The Troubleshooters

by Tabaré Alvarez


part 1 of 5

Dutch regularly works as a mover: boxes, furniture, all the clutter of everyday life. But he once helped the Mayor solve a problem with squatters. Dutch removed them from the Mayor’s properties through a combination of force and what Dutch liked to think of as charm. Since then, Dutch has become the Mayor’s ad hoc factotum and troubleshooter for delicate situations.

Now the Mayor has called for help from both Dutch and Mrs. Medina, who is the Mayor’s former wife and a professional chef. While married to the Mayor, Mrs. Medina had effectively served as co-mayor: rational and practical in the face of her husband’s numerous erratic and far-fetched plans.

For fifteen years, Dutch and Mrs. Medina have been mere acquaintances, people who nod to each other on their way elsewhere. Now, though, they will come into close contact in close quarters...


The air was heavy with humidity. It stooped Dutch’s shoulders and made his shirt cling to his back. When he entered the restaurant, the cool air was like that first morning cigarette with your coffee that crossed you over from the sluggishness of sleep to the briskness of day.

It was also dimmer inside the restaurant, the mood lighting and whatnot, and the humming of the air conditioning was soft white noise, a welcome respite from the harsh sunlight outside and the blaring, screeching, and backfiring of the traffic. It was two-thirty in the afternoon, edging toward the lull between lunch and dinner, and the restaurant was mostly empty.

A college-age girl with a clipboard, the hostess, he supposed, came up to him with a smile already forming on her face. He was impressed with the smile: it didn’t seem like much of a struggle. But he was here on work, so he smiled right back — beamed, actually — like an idiot.

The girl’s smile faltered. There it was: the brittleness, the dead eyes, a grown-up’s smile. No romance for him. Mission accomplished.

“Mrs. Medina, please,” he said.

“Oh,” said the girl. “Who may I say–”

“I work for Mister Medina. Say it’s Dutch.”

But Mrs. Medina was already coming out of the kitchen, her apron impressively filthy. Dutch had always pictured her as operating in a more supervisory capacity, ordering minions about; it pleased him to see that the chef got dirty.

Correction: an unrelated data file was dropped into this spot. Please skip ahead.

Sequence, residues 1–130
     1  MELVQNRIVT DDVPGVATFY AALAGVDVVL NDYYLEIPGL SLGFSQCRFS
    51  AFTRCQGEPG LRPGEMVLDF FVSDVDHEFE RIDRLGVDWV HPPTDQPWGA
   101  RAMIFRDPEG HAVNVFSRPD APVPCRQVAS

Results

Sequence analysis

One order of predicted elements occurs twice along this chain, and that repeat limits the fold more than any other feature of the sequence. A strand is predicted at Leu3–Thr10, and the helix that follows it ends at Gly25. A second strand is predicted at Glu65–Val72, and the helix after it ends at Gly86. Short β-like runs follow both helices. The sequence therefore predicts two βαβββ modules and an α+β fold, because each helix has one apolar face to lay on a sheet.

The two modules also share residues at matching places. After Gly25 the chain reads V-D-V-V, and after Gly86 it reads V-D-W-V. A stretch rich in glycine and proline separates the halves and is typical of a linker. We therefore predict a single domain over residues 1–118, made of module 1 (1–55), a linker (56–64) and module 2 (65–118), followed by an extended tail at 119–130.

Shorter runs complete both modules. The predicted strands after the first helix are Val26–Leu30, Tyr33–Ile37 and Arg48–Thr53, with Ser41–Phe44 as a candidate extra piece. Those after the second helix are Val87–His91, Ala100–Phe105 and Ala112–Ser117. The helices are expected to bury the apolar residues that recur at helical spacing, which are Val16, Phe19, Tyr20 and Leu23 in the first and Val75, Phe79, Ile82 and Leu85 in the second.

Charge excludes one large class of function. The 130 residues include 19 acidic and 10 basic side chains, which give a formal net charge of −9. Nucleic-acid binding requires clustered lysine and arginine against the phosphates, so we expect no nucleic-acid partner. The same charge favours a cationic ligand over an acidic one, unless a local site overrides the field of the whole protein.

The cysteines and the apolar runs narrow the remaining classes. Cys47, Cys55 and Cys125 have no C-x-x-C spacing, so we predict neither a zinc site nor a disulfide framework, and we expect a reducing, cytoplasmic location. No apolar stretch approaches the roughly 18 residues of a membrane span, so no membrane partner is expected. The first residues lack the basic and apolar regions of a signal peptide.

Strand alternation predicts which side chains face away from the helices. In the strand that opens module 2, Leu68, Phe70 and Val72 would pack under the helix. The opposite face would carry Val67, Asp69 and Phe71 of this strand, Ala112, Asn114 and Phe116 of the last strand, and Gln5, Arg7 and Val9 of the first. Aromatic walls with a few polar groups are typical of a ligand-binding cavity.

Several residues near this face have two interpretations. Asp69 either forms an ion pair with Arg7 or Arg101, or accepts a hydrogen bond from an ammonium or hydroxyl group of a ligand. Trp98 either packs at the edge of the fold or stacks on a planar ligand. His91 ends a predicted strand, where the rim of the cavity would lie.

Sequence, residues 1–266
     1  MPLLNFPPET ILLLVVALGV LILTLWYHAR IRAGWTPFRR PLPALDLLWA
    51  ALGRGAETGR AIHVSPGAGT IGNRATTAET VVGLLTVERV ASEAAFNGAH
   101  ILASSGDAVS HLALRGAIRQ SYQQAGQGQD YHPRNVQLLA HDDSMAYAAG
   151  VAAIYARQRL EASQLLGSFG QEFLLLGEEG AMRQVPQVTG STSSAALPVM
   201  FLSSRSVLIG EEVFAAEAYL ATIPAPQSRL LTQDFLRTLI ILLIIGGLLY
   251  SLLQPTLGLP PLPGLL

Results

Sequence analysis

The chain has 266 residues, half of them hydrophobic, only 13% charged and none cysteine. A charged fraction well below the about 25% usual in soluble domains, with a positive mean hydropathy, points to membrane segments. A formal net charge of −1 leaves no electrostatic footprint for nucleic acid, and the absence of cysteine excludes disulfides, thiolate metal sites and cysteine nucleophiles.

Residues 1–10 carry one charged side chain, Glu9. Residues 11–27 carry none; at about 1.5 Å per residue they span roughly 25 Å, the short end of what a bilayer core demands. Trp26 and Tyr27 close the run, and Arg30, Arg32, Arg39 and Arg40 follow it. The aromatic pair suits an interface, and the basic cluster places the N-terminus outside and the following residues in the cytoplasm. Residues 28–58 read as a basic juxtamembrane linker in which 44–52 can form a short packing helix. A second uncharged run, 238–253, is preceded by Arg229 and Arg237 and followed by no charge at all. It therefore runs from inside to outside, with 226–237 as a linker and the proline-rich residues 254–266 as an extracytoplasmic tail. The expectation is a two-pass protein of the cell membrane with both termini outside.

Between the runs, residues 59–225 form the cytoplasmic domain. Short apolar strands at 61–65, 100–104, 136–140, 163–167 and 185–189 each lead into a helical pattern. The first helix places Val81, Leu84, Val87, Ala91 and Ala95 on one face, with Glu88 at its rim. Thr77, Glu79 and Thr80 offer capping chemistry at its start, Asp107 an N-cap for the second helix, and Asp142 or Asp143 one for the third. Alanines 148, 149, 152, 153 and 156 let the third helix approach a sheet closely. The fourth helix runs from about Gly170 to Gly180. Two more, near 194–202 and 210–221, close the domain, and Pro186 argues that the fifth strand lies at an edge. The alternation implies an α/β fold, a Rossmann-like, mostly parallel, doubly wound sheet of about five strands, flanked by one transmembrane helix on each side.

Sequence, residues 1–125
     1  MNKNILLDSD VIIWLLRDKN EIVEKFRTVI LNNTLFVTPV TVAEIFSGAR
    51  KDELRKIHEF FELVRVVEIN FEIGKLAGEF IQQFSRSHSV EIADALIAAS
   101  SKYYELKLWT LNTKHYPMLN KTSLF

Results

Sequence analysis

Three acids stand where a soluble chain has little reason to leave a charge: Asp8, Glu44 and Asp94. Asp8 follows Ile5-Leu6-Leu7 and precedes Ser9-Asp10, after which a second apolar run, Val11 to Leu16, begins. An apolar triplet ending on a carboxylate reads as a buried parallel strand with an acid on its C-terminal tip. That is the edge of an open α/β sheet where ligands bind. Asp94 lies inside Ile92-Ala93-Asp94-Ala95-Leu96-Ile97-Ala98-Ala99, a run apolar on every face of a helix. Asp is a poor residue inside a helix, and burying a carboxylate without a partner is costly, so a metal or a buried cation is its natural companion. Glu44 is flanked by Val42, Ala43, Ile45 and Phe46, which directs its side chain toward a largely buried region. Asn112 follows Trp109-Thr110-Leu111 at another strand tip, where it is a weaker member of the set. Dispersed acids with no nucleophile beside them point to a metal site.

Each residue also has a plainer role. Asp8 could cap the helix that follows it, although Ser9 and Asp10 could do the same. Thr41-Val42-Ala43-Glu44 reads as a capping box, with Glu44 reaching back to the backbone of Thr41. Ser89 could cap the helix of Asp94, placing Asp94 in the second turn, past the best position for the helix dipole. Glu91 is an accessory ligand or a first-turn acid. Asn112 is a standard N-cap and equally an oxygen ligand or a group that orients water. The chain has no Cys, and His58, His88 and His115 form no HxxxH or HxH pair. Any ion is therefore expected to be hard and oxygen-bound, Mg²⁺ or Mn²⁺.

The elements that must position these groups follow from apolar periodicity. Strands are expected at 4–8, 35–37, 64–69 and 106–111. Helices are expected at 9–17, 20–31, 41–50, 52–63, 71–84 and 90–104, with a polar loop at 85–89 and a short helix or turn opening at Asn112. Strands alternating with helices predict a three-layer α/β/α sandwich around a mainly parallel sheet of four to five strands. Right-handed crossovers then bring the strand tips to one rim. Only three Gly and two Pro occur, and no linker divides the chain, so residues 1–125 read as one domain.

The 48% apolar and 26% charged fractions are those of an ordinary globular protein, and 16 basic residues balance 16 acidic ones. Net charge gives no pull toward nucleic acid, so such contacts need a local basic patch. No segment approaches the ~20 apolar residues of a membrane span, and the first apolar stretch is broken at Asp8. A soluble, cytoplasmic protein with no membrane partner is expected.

“How are you, Holland?” she asked, and she shook his hand. She had a strong grip for a hand so small. She looked tiny, overall: this pale, delicate woman with short blonde hair and small fingers. “Thank you for being punctual.”

“Thanks for not making me wait,” he said. He jutted his chin at the hostess and she backed away with the second version of the smile still on.

“Are you hungry?” Mrs. Medina asked. “I could make you a quick steak-and-fries.”

She had to have been coming off a four-hour stretch in the kitchen. It was an absurd kindness to volunteer herself for any more cooking. He lied and said he’d already eaten.

He hesitated at the door, reluctant to leave the cool air and slog back again through that humidity. “There is time for a stop at your residence, Mrs. Medina.”

“Not necessary,” she said. “I’d rather you call me Chef.”

“I’ll try, ma’am–” he smiled to take the edge off the ma’am, the coldness, the distance, the implication of age, “but no more Hollands, please. My mother, may she rest in peace, did me no service there. Had the Mayor never paid me a dime over the last fifteen years, I would still be grateful to him for giving me the nickname. It gets tiresome having to beat up that many people.”

“I’m sure it was invigorating for them, though,” Mrs. Medina said.

“Yes, ma’am.” He finally opened the door. The day slapped him on the face with both hands.

Mrs. Medina said, “It’s hot.”

Once inside the cabin of his truck, he turned on the air conditioner and trained the vents toward Mrs. Medina, who sat in the passenger seat. “It’ll cool off in a sec.” He went to help her with the seatbelt buckle, but she had already figured it out.

The streets of Sans Souci were clogged with the blue pickup trucks employed by the city. Some of them were already loaded with tree branches. On the sidewalks, sweaty men and women in blue overalls worked the almond trees, cutting off branches with chainsaws. The noise was deafening.

“‘Tree-Pruning Day.’ On a Wednesday.” Dutch cranked up the air conditioning fan, more to drown out the chainsaws than for climate control. It was futile. He had never sprung for a radio, and he regretted that now, but he knew the regret would pass. “He can’t stagger it over a few Sundays like a regular mayor.”

Next to him, Mrs. Medina turned her hands up theatrically as though to say, Don’t look at me, I divorced him.

Dutch asked her to open the glove compartment, where he had the address written down, but Mrs. Medina recited it from memory. And he remembered now how things would go in the time before the divorce: the Mayor doing his Hamlet routine over some city business, hemming and hawing, wringing his hands, and then he would disappear upstairs and return mere moments later with a simple, reasonable solution.